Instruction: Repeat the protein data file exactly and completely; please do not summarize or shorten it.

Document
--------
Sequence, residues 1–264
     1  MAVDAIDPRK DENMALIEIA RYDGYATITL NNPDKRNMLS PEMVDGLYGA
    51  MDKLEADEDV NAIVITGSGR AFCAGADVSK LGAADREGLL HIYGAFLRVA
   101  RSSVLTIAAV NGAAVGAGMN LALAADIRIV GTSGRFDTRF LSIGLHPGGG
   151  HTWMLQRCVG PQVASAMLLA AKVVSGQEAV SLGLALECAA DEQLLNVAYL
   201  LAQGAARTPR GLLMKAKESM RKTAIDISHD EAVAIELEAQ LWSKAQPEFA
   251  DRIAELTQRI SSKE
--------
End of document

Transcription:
Sequence, residues 1–264
     1  MAVDAIDPRK DENMALIEIA RYDGYATITL NNPDKRNMLS PEMVDGLYGA
    51  MDKLEADEDV NAIVITGSGR AFCAGADVSK LGAADREGLL HIYGAFLRVA
   101  RSSVLTIAAV NGAAVGAGMN LALAADIRIV GTSGRFDTRF LSIGLHPGGG
   151  HTWMLQRCVG PQVASAMLLA AKVVSGQEAV SLGLALECAA DEQLLNVAYL
   201  LAQGAARTPR GLLMKAKESM RKTAIDISHD EAVAIELEAQ LWSKAQPEFA
   251  DRIAELTQRI SSKE